Home' Trinidad and Tobago Guardian : August 5th 2013 Contents A year ago, England thought they
could do without Kevin Pietersen. They
thought that the baggage he carries out-
weighs the gifts he brings; that his ability
on the pitch was negated by the prob-
lems in the dressing room; that there
were players in county cricket who could
compensate for his absence.
It was nonsense, of course. As England
proved when they launched a half-baked
defence of their World Twenty20 title
last September without the man who led
them to the title in 2010, Pietersen remains
indispensible. He is not only the best
batsman in this team, he might just be
the best batsman England have ever had.
If that sounds excessive, it is worth
reflecting that, during the course of this
innings, Pietersen became England s most
prolific run-scorer in the history of inter-
national cricket---a tally that combines
all formats of the game---surpassing the
record of Graham Gooch. Such statistics
never tell the whole story, but they do
tell a tale of consistent excellence across
all formats of the game.
It was exactly a year ago that we saw
the most obvious demonstration of the best
and the worst of Pietersen. A majestic 149
against South Africa at Leeds was counter-
balanced by the revelation that he had
exchanged less-than-flattering messages about
his captain, Andrew Strauss, with members
of the opposition and behaved in a manner
that did not always encourage team harmony
on the pitch and in the dressing room. "It s
not easy being me in that dressing room,"
Pietersen memorably complained in the post-
match media conference.
Yet it so often looks remarkably easy to be
Kevin Pietersen on the pitch. While his team-
mates, the sublime Ian Bell apart, stuttered
against Australia s admirable bowling attack
and the mounting pressure of the situation,
Pietersen showed dedication and discipline---
not qualities that are always associated with
his batting---as well as characteristic skill in
steering his side away from the rocks.
This was not vintage Pietersen. Bell, late
cutting beautifully and using his feet to the
spin in a manner that would have made even
Michael Clarke proud, looked the more accom-
plished player throughout their 115-run stand.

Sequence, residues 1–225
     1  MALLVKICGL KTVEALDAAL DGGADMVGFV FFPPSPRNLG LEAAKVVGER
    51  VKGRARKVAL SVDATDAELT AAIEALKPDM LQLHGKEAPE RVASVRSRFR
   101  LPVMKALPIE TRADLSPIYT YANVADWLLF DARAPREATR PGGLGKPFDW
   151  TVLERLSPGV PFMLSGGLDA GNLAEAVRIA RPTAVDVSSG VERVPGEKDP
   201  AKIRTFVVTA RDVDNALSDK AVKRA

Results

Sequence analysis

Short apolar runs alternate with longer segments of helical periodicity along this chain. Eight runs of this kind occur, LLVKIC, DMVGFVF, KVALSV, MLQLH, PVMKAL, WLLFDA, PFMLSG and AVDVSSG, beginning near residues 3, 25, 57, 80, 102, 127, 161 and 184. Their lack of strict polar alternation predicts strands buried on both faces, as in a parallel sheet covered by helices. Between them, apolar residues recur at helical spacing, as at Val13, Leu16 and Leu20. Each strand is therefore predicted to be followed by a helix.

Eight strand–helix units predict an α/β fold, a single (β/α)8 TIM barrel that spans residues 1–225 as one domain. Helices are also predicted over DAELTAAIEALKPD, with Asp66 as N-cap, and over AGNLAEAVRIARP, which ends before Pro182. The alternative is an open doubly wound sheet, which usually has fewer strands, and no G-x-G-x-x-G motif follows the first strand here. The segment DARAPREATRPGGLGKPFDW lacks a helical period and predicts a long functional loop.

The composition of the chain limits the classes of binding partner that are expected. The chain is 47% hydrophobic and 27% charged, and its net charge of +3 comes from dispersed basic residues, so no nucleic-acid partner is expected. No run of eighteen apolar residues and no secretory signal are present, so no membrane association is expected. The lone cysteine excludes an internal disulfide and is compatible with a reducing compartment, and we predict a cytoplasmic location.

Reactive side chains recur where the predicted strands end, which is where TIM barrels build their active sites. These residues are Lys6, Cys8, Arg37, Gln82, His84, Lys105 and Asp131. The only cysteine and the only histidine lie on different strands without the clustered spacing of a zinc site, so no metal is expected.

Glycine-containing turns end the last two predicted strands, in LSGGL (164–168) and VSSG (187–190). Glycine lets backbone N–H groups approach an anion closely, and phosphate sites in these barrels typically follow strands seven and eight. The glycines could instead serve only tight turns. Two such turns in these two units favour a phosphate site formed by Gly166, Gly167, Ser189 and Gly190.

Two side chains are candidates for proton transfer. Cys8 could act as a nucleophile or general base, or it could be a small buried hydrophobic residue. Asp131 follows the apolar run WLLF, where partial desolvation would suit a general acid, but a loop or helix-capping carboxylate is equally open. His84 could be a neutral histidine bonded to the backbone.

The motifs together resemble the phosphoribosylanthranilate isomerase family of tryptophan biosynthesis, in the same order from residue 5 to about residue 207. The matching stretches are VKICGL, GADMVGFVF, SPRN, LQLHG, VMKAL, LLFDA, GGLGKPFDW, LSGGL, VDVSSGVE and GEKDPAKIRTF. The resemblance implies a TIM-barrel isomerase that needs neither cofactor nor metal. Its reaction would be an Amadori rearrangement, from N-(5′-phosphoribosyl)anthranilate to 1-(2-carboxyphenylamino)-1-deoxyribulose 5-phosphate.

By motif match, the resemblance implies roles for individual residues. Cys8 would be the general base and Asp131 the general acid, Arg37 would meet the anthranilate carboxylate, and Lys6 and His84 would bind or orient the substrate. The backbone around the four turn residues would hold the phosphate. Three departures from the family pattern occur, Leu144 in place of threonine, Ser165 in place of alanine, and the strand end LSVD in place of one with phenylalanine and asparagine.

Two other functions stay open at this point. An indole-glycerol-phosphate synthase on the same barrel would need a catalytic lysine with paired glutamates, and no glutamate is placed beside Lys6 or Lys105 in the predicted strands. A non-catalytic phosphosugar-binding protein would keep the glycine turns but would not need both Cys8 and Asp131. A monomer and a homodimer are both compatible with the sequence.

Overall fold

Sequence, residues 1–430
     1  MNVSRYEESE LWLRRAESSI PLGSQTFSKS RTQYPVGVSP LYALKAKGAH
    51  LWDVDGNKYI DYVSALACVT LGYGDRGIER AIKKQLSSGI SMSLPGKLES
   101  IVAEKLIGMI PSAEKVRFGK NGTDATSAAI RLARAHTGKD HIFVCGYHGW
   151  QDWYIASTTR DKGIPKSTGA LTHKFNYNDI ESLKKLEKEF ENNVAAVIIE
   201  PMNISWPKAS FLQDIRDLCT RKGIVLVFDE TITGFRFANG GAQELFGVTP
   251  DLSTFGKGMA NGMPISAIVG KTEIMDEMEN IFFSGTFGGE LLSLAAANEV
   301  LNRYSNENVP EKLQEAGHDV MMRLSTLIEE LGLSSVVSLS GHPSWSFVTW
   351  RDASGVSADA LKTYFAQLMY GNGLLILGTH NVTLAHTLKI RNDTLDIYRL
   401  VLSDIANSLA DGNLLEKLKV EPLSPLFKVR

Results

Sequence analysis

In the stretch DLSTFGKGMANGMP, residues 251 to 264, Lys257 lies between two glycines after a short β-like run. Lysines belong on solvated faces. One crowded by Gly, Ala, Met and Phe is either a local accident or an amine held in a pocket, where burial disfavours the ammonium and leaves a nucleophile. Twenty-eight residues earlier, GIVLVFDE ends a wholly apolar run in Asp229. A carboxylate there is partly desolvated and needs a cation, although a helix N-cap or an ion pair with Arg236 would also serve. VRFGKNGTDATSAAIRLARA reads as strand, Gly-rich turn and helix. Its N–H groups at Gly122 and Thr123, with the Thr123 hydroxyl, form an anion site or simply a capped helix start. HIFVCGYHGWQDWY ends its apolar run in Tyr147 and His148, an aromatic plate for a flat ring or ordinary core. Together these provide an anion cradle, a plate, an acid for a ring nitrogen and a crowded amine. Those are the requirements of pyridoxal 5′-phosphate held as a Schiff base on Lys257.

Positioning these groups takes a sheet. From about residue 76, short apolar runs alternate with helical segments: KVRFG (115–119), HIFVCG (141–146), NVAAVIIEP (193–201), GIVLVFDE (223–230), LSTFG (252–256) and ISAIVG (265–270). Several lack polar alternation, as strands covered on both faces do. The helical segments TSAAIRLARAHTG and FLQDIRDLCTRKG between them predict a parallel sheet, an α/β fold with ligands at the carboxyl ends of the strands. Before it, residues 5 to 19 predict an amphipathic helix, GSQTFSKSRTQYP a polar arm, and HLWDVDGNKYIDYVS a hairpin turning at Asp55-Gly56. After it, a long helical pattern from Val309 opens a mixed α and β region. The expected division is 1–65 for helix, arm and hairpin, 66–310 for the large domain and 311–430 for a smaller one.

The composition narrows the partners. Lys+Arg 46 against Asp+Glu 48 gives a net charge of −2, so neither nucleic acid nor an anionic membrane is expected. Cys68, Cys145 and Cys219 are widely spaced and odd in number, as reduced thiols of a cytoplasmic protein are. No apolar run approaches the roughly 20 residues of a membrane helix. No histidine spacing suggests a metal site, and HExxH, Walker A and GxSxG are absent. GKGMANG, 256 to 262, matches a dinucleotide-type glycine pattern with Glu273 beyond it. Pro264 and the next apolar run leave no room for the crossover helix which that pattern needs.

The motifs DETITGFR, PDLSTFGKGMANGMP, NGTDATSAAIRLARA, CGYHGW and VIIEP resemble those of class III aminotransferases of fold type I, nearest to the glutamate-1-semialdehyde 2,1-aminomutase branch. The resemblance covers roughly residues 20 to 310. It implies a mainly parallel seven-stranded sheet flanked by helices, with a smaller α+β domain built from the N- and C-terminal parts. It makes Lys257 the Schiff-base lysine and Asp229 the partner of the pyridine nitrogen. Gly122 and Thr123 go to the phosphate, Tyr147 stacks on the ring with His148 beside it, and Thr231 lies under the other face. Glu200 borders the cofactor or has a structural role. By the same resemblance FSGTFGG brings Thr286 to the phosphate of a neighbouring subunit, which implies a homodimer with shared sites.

Pietersen, by contrast, played and missed often,
not least a nervous swipe outside off stump
before he had scored, and was fortune that
Australia did call for a review of a leg-before
shout when he was on 62.
But those near misses might have helped
Pietersen. Once set, he is prone to extrava-
gance---hubris, even---but the near-misses
provided the jolt he required to concentrate
anew; to demand more of himself and remind
him that the team required more.
Even if this innings was not, compared to
the mastery of Mumbai or the carnage of
Colombo, as eye-catching or inspiring, in
terms of context of the match and the series,
this was a highly impressive performance. For
it was an innings not just based around
Pietersen s natural skills---his hand-eye coor-
dination, his reach, his range of stokes, all
though there was evidence of all those qual-
ities---but around the match situation and the
requirements of his team.
"This innings will mean a lot more if it gets
us a draw or a win on day five," he said after-
wards. "It s nice to have personal achievements,
but it will only mean something if we get
something out of the game.
"It s the big stage. I like to perform on the
big stage when the team need me. I like to
stand up and be counted. As an English or
Australian player your career is defined in how
you play in Ashes cricket." (AP)
Guardian www.guardian.co.tt Monday, August 5, 2013
value to England
HAMBANTOTA---Seam bowlers Lonwabo
Tsotsobe and Morne Morkel took two wickets
each yesterday to propel South Africa to a
22-run win over Sri Lanka in the second
Twenty20 match for an unassailable 2-0 lead
in the three-match series.
Batting first after winning the toss, South
Africa made a competitive 145-6 and then
restricted the hosts to 123-7. Proteas batsman
David Miller made 36 off 21 deliveries and won
the man-of-the-match award.
Tsotsobe gave South Africa an ideal start
with the ball, dismissing Mahela Jayawardene
(6) and Dinesh Chandimal (2) early to leave Sri
Lanka on 27-2.
Kumar Sangakkara top-scored for Sri Lanka
with 39 off 35 deliveries, including four bound-
Jayawardene edged a good-length ball to
wicketkeeper Quinton de Kock, while captain
Chandimal slashed at a delivery to also be
caught by De Kock.
Kusal Perera showed promise by making 21
off 22 deliveries, but was trapped lbw trying
to reverse sweep legspinner Imran Tahir.
The hosts lost Lahiru Thirimanne, Angelo
Mathews and Sangakkara in the space of five
runs to slump to 90-6.
Tsotsobe returned 2-17. Morkel had 2-34.
Earlier, Miller, batting at No. 6, hit two sixes
and a boundary. JP Duminy made 30 off 23
Spinner Sachithra Senanayake and seam
bowler Nuwan Kulasekara picked up two wick-
ets each for the hosts.
Sri Lanka won the first match on Friday by
12 runs. The third match will be played in Ham-
bantota tomorrow. (AP)
South African bowler David Wiese, second right, celebrates taking the wicket of Sri Lankan
batsman Angelo Mathews, left, with Faf du Plessis during their second Twenty20 cricket match
in Sooriyawewa, Sri Lanka, yesterday. AP PHOTO
takes T20 series
against Sri Lanka
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